Q+A with Manx-Canadian Filmmaker Rupert Clague

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Rupert Clague is a Manx-Canadian filmmaker and writer. He was born in Thunder Bay, Canada, raised on the Isle of Man, and is now based in London. As a Director Producer, Rupert tells us that he feels very lucky to have found a career that allows him to spend time with so many different kinds of people all over the world.

In recent years Rupert has made a film with Werner Herzog in the Amazon jungle; gone in search of homemade rocket gambling in Cambodia for Travels With My Father worked his way into secretive Amish communities; been on ride alongs with homicide detectives in Arizona; infiltrated the crumbling sanctum of Sunderland AFC for Sunderland Til I Die; train hopped across America; been down a waterslide with Jeff Goldblum for The World According to Jeff Goldblum; and made bold commercials for big brands.

We caught up with Rupert about a recent project he has been working on in response to the global pandemic and universal realities of lockdown.

I take my energy from talking to people and listening to their stories, always striving to make emotional connections wherever I go. I’m driven by a desire to creatively realise ideas, to explore what it means to be more alive, and to do whatever it takes to produce the best anecdote.

Q. What is the ‘Tell Me’ project about and what inspired you and other filmmakers to create it?

The pandemic gave rise to a time in which people felt so much but had so few outlets to express it. All over the world, people found themselves isolated, overwhelmed, lonely, or afraid; forced into close quarters with partners, kids, strangers, or on their own. In an effort to collect these thoughts and feelings, some international film friends and I banded together to find a creative response to the crisis. 

Our filmmaking collective met for the first time two years ago in a remote part of the Peruvian Amazon, having been invited by Director Werner Herzog to attend his filmmaking workshop. On a Zoom call catch up, we decided to set up a series of voicemail boxes around the world. For two months, we encouraged people to call and leave messages with anything they were feeling during the pandemic. Our intention was to bring these messages together as a documentary film, a portrait of humanity in isolation, entitled Tell Me. 

One by one, we began to set up numbers, country by country. This was not without its practical challenges and moreover, once the lines were established, we quickly realised that in some countries, people aren’t accustomed to declaring their feelings to anyone, let alone a stranger. We began to think of ways to get our platform out there and to encourage people to call. Each one of us acted as our own press unit, whether it was putting up posters, reaching out to journalists, doing radio interviews, or bombarding people with Instagram stories… we adhered to our mentor Werner Herzog’s maxim: “guerilla tactics are best”.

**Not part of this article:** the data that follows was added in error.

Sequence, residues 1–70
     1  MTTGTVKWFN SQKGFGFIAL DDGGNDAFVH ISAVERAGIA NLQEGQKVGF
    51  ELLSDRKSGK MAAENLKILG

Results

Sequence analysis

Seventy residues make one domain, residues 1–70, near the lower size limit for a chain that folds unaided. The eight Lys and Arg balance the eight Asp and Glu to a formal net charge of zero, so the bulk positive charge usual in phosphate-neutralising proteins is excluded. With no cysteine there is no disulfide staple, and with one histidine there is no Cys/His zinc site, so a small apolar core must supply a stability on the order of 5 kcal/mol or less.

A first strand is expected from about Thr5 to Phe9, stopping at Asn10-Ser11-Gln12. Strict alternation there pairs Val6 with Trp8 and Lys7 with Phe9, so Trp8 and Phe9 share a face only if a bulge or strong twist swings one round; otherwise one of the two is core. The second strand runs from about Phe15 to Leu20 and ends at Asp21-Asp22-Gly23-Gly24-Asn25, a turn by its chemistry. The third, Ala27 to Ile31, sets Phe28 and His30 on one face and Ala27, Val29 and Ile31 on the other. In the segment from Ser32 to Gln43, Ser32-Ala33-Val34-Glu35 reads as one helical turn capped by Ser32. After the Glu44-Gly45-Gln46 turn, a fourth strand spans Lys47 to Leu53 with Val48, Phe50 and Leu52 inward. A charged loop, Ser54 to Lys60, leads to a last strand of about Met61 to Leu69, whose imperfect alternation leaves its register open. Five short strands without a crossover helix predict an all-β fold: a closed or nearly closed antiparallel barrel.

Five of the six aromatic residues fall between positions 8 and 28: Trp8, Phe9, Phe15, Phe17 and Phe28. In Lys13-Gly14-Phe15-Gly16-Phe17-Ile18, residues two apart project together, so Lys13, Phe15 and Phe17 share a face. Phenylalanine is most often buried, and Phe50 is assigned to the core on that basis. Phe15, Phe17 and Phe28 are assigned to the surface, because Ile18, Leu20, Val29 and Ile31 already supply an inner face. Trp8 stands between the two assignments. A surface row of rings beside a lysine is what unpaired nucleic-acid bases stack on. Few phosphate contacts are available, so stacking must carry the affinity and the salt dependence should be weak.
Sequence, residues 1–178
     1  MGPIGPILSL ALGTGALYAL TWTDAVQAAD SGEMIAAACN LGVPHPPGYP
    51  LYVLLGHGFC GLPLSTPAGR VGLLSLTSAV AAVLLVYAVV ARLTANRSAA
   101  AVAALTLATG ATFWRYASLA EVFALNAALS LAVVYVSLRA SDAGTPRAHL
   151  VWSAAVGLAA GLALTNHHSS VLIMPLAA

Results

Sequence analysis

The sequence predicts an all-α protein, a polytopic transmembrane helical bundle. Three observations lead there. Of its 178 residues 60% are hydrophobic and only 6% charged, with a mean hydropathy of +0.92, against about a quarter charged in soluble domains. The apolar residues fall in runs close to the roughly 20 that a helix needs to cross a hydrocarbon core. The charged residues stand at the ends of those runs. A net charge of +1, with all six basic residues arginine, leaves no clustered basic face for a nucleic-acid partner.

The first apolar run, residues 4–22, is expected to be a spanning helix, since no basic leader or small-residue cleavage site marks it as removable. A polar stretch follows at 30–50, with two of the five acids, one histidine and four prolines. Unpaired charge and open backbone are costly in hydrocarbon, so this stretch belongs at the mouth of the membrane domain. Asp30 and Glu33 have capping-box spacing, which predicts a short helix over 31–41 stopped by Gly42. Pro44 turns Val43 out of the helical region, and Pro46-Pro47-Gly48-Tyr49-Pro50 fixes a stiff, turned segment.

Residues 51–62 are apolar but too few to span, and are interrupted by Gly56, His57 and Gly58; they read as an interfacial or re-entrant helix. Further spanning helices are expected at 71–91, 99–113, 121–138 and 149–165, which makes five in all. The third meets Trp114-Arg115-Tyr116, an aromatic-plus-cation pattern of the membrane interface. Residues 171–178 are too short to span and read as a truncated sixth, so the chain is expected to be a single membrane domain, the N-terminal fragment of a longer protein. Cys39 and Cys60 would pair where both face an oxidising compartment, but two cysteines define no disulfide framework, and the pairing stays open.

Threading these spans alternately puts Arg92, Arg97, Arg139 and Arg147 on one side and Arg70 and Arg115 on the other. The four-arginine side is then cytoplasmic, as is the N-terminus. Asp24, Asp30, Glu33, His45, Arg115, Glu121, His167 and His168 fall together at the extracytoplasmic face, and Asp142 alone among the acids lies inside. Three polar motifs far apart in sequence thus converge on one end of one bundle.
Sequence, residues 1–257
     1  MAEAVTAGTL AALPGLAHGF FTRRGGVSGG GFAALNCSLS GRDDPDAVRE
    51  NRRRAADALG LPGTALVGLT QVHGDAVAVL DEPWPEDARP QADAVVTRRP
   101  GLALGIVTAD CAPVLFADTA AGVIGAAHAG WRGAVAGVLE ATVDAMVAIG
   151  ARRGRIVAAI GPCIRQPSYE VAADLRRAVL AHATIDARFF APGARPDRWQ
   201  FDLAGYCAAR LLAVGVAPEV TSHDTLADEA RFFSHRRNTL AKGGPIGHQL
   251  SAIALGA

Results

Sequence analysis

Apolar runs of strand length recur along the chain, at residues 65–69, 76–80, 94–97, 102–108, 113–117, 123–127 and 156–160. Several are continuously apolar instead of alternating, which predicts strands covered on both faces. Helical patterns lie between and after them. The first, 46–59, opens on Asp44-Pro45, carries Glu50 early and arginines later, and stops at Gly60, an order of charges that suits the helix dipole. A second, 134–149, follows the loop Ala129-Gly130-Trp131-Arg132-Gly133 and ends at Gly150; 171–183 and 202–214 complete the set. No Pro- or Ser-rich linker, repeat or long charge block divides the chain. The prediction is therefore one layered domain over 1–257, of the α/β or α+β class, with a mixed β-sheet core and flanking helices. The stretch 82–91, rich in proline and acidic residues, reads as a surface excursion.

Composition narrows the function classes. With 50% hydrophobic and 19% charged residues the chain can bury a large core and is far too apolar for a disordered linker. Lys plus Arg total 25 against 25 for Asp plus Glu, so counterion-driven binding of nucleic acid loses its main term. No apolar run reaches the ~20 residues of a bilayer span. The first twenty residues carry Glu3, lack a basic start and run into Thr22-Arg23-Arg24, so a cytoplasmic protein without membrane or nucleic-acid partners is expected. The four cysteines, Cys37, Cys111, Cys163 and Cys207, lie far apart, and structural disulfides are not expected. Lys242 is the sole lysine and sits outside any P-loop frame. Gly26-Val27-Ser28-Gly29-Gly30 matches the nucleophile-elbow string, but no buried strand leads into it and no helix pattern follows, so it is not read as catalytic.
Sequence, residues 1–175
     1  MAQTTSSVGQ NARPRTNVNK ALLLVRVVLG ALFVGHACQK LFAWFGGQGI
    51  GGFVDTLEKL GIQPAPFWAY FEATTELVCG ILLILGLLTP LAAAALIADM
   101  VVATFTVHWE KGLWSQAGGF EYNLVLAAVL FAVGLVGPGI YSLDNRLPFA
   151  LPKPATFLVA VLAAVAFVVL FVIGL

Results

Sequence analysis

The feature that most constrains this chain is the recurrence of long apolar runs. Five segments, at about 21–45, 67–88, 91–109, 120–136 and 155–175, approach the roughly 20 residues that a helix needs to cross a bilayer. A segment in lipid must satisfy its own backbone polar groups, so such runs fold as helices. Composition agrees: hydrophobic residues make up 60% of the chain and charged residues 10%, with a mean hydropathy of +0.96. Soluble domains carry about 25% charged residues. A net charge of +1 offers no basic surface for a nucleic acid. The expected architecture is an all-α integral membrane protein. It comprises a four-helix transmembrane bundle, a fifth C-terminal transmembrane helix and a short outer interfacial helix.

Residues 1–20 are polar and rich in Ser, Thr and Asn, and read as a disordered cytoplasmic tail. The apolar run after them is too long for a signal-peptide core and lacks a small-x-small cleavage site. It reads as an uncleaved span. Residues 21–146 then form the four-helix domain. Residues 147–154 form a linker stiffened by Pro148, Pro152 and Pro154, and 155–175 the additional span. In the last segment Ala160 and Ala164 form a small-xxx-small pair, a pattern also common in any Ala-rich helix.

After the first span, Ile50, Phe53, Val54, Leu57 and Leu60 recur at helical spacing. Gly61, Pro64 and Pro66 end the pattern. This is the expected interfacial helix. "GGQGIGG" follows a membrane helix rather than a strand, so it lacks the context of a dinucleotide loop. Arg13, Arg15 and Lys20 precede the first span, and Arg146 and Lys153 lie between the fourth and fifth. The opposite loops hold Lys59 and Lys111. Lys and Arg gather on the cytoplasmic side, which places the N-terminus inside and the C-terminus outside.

Q. You are working with 24 other filmmakers on this project from 15 countries, what are some of the challenges and benefits posed by a collaboration of this scale?

Tell Me acknowledges that the world is a shared public space, and a physical manifestation of how important it is to find commonality in a time of such global discord. It brings together voices from Argentina, Brazil, Canada, China, Colombia, Estonia, France, Germany, Italy, Jordan, Kosovo, Peru, Turkey, the UK, and the US. Through our film, disparate voices come together as one, irrespective of borders, time, or political interest.

Each respective filmmaker was deputised with poring over the recordings to select the most provoking clips. We then had to think about how to give them visual life - each one of us directing an accompanying poetic piece of around seven minutes.  

Once we’d figured out the sweet spot in our respective time zones, each week we held discussions about visual references, what we were watching, listening to, and reading. What sort of voicemails we were getting and how we were getting raw word out. This approach allowed us to combine each of our own individualities as filmmakers. We were all simultaneously figuring out how to best show the shadow isolation had cast on our own country, not as reportage but as cinema.

Q. The project seeks to document the universal experience of isolation during the pandemic through recorded audio voice messages from around the world. Why have you chosen this medium to reflect these experiences?

Each voicemail box stood as a lifeline for those who needed it - an urgent, emergency space for people to reveal whatever they want - as well as a gesture of solidarity, uniting people all over the world together over the phone.